Almost 90 years since it was made, Captain John Noel’s film, ‘The Epic of Everest’ is to be restored by the British Film Institute. Based in London, this world acclaimed organisation has the technical expertise to restore the film, made by Captain Noel of the 1924 expedition to Mount Everest.
To climb Mount Everest had long been an ambition of the British, and 3 expeditions were sent out after the first world war. Captain Noel was selected to film the 1922 attempt, and had a specially designed cine camera made to record the event. In 1924, he raised money to help fund the climb, and took 14 specially adapted cameras, still and cine, and they were carried to 23,000 feet, in order to film the successful party. Tragically, George Mallory and Andrew Irvine disappeared 600 feet from the summit; Noel, nonetheless, toured America with the film and still images, as well as lecturing in UK and in Continental Europe. Time has taken its toll on the delicate lavender nitrate stock, but we can look forward to seeing a beautifully restored film, when it is released in Autumn 2013. It will be very exciting to retrace the footsteps of those brave men, who trod where no white man had been before, to marvel at the skill of the Tibetan builders in their amazing fortress monasteries, the rugged people dwelling on the plateau of Tibet at 16,000 feet, the fantastic jewellery and metal work, and learn of the strange customs of the people.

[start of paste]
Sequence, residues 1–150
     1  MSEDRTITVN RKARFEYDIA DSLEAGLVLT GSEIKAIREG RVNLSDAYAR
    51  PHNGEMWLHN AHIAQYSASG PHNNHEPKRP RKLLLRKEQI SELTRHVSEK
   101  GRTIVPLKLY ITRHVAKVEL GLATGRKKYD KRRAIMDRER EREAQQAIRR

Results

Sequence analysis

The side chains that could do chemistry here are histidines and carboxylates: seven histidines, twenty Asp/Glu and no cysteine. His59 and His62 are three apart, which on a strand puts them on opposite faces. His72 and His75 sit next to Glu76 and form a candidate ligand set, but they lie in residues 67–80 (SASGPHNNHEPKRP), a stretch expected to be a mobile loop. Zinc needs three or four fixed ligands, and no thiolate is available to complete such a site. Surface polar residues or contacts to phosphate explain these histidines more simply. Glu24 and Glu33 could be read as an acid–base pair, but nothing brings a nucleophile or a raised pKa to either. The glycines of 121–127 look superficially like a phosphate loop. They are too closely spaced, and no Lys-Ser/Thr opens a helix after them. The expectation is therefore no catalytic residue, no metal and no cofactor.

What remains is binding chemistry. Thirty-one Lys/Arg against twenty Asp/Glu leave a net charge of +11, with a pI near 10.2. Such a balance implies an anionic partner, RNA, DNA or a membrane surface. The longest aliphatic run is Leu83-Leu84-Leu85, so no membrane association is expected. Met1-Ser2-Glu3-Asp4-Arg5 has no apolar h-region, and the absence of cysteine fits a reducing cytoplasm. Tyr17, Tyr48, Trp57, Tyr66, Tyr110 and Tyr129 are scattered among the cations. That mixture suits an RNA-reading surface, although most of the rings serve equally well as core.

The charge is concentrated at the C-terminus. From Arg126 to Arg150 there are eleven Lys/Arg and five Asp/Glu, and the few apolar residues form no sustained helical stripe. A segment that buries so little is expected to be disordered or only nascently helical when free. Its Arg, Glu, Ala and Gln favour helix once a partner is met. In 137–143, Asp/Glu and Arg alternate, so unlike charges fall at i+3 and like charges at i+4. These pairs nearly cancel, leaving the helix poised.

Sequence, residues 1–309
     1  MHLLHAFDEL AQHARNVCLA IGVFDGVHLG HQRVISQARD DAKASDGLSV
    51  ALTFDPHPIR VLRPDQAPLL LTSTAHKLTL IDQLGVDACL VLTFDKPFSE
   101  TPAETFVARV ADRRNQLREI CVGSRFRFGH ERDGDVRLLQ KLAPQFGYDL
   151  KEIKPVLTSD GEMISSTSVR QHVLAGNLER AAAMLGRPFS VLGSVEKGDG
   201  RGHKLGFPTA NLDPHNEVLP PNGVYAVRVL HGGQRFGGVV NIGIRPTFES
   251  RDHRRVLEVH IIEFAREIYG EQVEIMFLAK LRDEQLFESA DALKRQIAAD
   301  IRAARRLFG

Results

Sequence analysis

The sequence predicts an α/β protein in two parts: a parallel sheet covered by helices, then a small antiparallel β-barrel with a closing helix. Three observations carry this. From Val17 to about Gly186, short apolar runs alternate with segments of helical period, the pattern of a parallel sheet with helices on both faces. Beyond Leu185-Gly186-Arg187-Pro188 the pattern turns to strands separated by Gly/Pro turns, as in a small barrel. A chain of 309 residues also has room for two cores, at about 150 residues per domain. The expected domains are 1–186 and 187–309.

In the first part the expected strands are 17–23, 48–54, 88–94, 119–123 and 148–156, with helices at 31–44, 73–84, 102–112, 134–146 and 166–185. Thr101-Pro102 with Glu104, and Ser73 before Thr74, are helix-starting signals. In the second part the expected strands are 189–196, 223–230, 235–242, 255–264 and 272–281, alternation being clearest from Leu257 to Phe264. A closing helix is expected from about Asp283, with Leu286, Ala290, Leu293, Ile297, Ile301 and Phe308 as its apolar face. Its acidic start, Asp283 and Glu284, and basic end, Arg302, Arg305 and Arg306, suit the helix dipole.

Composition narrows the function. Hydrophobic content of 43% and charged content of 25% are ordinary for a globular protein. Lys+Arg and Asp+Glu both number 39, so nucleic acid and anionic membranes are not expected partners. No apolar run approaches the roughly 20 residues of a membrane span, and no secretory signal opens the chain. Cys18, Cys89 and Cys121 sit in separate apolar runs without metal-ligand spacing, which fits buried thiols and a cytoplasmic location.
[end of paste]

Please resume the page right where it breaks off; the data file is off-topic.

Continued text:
All this will come alive in the restored version, accompanied by very appropriate and atmospheric music, specially commissioned, and will be a credit to Captain Noel’s photographic skill in extreme adversity, and the technology and expertise of the British Film Institute.